Protesters stage a demonstration in Tehran.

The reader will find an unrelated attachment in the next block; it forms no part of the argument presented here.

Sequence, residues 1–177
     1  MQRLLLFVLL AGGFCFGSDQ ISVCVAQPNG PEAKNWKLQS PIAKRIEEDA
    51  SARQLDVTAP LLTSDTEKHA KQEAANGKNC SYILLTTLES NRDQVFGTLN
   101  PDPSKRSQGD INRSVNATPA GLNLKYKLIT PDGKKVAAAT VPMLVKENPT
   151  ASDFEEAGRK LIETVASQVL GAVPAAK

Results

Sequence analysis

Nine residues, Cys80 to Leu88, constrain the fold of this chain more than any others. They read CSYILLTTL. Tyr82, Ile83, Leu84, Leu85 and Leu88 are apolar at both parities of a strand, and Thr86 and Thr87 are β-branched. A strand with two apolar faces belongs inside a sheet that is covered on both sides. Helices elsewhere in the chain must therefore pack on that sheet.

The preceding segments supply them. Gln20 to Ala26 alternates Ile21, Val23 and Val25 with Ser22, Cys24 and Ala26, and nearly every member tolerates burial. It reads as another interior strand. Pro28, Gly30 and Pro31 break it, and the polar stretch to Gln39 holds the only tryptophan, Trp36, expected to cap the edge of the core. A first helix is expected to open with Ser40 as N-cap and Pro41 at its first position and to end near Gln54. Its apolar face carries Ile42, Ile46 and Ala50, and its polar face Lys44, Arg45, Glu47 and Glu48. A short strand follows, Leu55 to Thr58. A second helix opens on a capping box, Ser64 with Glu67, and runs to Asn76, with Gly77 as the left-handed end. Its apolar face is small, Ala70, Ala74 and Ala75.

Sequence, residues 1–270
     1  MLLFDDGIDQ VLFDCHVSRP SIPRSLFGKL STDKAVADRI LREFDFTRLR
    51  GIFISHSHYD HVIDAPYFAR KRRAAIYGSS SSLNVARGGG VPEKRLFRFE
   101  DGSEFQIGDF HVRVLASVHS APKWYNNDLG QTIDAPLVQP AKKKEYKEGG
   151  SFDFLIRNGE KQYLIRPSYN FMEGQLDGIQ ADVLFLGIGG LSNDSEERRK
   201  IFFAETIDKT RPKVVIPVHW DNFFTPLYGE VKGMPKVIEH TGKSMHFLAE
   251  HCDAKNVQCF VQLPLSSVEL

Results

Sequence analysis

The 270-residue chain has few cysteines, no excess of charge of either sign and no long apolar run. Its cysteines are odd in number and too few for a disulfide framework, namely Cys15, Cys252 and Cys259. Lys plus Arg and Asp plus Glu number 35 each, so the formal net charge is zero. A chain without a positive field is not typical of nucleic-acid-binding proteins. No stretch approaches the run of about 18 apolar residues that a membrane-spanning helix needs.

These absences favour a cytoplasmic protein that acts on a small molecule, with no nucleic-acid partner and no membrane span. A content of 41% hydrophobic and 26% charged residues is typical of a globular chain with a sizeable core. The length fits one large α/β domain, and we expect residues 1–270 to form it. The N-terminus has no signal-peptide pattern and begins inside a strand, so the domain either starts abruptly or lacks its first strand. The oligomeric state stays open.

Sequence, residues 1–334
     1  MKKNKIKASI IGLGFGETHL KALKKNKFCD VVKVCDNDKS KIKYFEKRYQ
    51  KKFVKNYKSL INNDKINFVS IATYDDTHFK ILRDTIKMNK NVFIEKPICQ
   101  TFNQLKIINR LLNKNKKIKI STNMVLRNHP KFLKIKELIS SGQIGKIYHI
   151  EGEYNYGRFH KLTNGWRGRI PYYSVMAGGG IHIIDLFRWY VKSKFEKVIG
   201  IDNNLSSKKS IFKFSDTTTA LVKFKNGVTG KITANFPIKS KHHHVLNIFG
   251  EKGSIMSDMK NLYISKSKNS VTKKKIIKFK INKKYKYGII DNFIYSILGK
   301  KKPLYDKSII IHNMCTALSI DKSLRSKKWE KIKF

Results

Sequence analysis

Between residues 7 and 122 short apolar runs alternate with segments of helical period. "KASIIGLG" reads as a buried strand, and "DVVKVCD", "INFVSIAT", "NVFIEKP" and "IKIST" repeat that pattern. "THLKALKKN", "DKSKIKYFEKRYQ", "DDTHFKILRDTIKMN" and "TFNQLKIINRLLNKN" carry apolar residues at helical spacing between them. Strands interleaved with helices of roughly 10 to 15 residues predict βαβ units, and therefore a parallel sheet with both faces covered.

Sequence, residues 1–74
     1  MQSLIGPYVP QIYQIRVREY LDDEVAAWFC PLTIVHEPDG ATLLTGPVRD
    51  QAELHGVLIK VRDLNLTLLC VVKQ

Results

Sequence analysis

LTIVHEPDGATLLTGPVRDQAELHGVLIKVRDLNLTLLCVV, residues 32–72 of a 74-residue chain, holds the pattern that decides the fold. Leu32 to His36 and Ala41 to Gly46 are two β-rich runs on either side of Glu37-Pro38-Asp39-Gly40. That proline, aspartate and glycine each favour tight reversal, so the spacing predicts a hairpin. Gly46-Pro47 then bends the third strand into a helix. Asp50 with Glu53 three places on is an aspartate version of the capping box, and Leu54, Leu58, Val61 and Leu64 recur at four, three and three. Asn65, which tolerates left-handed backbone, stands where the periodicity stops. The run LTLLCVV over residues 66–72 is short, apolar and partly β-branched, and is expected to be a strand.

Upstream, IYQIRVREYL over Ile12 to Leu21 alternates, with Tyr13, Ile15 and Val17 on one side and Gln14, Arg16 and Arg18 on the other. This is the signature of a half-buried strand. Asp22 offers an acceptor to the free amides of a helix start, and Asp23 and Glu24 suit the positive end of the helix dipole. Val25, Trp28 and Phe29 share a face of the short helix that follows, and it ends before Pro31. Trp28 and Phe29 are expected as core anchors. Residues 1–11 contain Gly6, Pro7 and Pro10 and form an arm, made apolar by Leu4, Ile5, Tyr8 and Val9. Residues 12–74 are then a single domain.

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Growing strains with the United States and political infighting at home threaten Iranian President Hassan Rouhani's plans to expand social freedoms, create jobs and draw in foreign investment, officials and analysts say. Anti-Western hard-liners defeated by Rouhani in the presidential election in May appear determined to take revenge by denying the pragmatic Islamic scholar an economic dividend, they believe.In that effort, he enjoyed the guarded support of Khamenei. But now, under heightened pressure in his second term to widen economic opportunities for Iran's youth, Rouhani can no longer be sure of the supreme leader's backing.After a campaign featuring outspoken attacks on security and judicial hard-liners and calling for a speedier opening to the world, Rouhani trounced Khamenei's perceived favorite in the election, irking the IRGC, Khamenei's ally.Sidelined by the nuclear deal, the Guard is trying to claw back economic clout by accusing Rouhani of favoring foreign firms over domestic ones, praising Khamenei's vision of a self-reliant economy that avoids foreign investment.Senior members of the IRGC and its front companies remain under U.S. sanctions. Most IRGC front companies, however, are not formally owned by the Corps, but by firms linked to it. Displeased with Rouhani's rising popularity, he will not back the president in his economic battle with the IRGC.
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